Chard was believed to have originated somewhere in the Mediterranean as it was known to the ancient Greeks and Romans. By the sixteenth century, several varieties were available. The word Swiss was used to distinguish chard from French spinach varieties by nineteenth-century seed catalogue publishers. Swiss chard, known as leaf beet and spinach beet, is actually a type of beet that develops lush leaves rather than a fleshy root. It tastes somewhat like spinach and be cooked in the same manner. There are many varieties in an exciting range of colour combinations, making this crop a great candidate for any garden.
Good companion plants for Swiss chard include beans, Brassicas (i.e. Brussels sprouts, cauliflower, kale, etc.), and onions.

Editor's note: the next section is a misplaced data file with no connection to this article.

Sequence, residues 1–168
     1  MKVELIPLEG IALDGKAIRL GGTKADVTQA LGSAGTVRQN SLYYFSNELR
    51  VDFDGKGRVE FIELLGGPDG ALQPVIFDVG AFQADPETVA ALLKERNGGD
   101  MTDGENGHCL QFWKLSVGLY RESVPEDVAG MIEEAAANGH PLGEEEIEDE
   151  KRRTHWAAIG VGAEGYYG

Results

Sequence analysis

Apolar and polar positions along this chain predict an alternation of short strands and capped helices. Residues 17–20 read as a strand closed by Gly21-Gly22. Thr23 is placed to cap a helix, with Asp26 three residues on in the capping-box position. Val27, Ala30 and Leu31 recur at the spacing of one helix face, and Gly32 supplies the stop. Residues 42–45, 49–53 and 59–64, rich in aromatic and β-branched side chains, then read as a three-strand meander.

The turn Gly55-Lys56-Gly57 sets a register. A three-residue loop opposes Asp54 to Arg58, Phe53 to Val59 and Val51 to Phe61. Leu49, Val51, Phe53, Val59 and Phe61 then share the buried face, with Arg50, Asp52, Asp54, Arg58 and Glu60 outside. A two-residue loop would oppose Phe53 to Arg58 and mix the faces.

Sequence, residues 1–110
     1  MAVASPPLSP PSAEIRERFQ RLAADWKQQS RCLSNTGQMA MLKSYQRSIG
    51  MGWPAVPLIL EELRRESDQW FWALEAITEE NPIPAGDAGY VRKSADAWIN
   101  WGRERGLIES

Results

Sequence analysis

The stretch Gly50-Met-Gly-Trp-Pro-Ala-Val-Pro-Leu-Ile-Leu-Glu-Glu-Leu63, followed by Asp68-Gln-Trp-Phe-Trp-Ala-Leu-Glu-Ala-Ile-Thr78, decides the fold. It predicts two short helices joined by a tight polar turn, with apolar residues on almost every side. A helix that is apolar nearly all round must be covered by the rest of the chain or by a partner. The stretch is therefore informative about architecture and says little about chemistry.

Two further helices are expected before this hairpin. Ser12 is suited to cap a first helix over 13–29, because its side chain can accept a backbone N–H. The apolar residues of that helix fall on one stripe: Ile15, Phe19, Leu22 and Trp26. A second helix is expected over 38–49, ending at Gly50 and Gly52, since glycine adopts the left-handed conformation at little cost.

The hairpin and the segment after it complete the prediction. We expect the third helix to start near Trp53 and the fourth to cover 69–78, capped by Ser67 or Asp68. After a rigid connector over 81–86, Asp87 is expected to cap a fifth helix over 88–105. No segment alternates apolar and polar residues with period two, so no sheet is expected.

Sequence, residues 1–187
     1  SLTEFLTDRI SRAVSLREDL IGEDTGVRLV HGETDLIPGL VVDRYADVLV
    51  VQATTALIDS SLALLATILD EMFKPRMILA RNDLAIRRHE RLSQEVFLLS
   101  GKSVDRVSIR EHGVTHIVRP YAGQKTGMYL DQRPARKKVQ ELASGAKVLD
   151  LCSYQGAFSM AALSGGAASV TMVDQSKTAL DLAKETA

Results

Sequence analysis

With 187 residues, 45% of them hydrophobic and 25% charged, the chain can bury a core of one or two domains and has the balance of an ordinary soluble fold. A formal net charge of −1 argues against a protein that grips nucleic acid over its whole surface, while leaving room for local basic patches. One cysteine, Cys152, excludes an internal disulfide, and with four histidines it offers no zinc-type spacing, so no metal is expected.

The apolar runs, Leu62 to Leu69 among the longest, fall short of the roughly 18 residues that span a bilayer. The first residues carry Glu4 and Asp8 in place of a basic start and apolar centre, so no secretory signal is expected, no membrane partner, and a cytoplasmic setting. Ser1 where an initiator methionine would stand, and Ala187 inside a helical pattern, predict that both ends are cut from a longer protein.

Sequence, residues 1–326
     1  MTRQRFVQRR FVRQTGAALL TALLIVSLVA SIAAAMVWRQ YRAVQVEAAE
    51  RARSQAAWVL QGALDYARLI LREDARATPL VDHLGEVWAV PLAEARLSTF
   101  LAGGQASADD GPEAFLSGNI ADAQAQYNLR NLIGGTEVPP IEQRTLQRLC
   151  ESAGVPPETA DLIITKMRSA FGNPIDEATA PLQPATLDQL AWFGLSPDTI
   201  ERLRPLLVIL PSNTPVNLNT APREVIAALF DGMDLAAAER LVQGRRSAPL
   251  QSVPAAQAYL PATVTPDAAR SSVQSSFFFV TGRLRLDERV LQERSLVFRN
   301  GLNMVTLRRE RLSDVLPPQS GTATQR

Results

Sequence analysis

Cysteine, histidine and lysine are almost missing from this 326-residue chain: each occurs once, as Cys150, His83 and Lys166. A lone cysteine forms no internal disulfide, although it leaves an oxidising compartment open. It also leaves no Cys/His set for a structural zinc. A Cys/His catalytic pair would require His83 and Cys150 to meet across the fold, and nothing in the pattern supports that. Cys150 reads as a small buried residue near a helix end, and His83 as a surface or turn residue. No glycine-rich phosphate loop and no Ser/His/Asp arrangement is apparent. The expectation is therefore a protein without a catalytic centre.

|Nutrition||Excellence source of potassium, dietary fiber, vitamins A, B, and C, and iron and also provides some calcium. One cup of raw Swiss chard is only 7 calories and one cup cooked is 26 calories.|
|Harvesting||With a knife, cut all the stems of the Swiss chard at once, but leave 2 inches (5cm) of the plant at the base intact. The plant should re-grow fresh young leaves. To harvest individual stems; pick them from the outer edges of the plant. Don’t let the leaves grow larger than 10 inches (25cm) because of poor taste. Baby Swiss chard leaves are excellent for adding a mesclun salad mix.|
|Storing||Refrigerate unwashed in a plastic bag for up to 3 days.|
This attractive and colourful chard mix was an All-American Selection Winner in 1998 and recipient of the Royal Horticultural Society’s Award of Garden Merit . Pink, crimson, bright gold, orange, white and mauve stems are radiant beneath slightly savoyed green and burgundy leaves. Very mild tasting. Can be grown in large containers.
Back to Organic Edibles.